For the third year in a row, I attended the UK200 Group conference - this time in Cardiff, writes community editor Rachael Power.
Each year I attend the conference, the more insight I get into the world of accountancy. True, the UK200 Group doesn't represent all UK firms, but with 150 UK members and many more internationally through its alliance with IAPA, it paints a picture of the changes that have happened in such a short space of time within the profession.
One element of this, is that this year the group has had a change in brand and 'messaging'. Its new, snappier tagline 'building better together' and slick branding and website isn't officially launched until April 2015, but is on trend with what a lot of other solo accountancy firms are doing.
At every conference, a snapshot of the general consensus among member firms is presented, after being captured via a survey beforehand. Some interesting facts cropped up here, including what software they are most using (IRIS), total fees of combined firms (£143m) and the fact that training costs were increasing among firms significantly.
This years' speaker sessions were, as in previous years, informative and well-attended. Included in the line up were Justin Urquhart-Stewart, who gave an economic update, Simon Blake, who had news on the corporate finance side regarding acquisitions and Todd Brown, who spoke about the importance of Getting Stuff Done.
But the messages in each session were a lot different than in previous years.
Economically, the tables had turned and it was now Germany facing recession (it hasn't, but it came dangerously close). In acquisitions, banks were now lending again and clients were beginning to come out of the woodwork with growth plans.
And in discussion groups, the group as a whole were focused on marketing and bringing more weight to the UK200 Group name.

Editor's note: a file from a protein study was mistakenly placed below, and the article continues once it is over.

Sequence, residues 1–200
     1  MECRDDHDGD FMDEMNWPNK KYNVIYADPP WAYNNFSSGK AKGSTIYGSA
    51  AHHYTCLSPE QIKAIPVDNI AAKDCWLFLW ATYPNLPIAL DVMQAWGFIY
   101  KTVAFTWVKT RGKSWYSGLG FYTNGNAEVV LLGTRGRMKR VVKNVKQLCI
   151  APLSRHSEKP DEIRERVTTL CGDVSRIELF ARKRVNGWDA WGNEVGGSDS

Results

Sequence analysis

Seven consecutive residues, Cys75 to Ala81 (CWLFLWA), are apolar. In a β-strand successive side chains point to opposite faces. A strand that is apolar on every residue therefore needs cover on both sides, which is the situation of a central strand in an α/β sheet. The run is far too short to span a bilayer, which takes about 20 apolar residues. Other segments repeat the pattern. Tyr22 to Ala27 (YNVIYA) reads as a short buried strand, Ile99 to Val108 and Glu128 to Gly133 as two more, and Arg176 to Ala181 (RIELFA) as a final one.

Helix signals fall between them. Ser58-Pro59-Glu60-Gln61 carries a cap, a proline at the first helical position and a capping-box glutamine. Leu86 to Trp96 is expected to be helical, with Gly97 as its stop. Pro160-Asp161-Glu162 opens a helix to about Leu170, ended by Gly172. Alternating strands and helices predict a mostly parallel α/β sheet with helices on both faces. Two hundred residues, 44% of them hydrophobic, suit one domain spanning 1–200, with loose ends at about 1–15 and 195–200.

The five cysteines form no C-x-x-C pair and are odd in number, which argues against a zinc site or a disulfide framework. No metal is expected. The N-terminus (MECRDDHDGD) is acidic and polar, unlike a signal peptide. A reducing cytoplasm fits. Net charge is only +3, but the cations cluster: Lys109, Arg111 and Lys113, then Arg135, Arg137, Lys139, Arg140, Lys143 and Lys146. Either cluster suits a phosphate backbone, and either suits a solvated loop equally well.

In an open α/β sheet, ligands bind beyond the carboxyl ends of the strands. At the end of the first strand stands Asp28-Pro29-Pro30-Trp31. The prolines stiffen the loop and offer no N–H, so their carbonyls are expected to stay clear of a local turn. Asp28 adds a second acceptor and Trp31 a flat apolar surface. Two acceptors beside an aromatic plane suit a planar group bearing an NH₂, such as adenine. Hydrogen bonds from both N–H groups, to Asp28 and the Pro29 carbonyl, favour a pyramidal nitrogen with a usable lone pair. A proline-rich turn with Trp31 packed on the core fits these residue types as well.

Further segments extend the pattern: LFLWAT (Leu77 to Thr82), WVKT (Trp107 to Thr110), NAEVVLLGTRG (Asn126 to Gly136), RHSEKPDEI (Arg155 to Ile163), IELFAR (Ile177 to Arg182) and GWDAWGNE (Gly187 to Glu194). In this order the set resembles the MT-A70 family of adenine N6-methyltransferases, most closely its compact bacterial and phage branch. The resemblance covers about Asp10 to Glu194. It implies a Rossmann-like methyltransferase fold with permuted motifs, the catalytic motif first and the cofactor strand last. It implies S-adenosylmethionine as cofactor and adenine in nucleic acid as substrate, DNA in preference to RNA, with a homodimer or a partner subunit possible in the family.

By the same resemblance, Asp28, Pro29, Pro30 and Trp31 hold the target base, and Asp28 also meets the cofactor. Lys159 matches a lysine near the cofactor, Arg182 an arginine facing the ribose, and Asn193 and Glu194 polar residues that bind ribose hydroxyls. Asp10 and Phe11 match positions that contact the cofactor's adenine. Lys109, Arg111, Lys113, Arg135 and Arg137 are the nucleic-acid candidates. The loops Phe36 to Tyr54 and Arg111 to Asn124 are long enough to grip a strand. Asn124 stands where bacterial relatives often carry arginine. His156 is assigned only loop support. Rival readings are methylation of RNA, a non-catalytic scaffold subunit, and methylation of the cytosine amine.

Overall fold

Not just in the UK, either. UK200 Group's delegates this year included attendees from Italy, the US and The Netherlands.
Indeed, international contacts were made with people as far away as Fiji - well, that was, the international rugby team was sharing the hotel ahead of its clash against Wales last weekend.
During the gala dinner, at which guests mingled and let their hair down after a day spent learning and listening, a special guest and after-dinner speaker sat among us.
Gerald Ratner, famous for the speech that led to the demise of his jewelry business and wrote £500m off the value, appeared to tell his tale on stage.
After owing £1bn to the banks and spending seven years in bed watching countdown, the self-depreciating businessman picked himself back up (with a little help from his wife) and forced his way back out there into the market.
This demonstrated to I as much as the accountants sitting around me, that no matter how huge the mistake you make and how much the media hounds you afterward, with a bit of resilience, the right attitude, (and maybe a couple of years in your pyjamas), you can always make a comeback.
One origami plane-flying competition to raise money for charity later, complete with large runway and very skilled designs - aside from mine, I may stick to journalism - and the night came to an end.
Next year certainly seems to be shaping up to be a good one for the UK200 Group and its members - and for all accountants. The changes that have happened over the last two, since I've been at AccountingWEB and attending these conferences, are apparent. But where will they lead? Find out in next year's blog.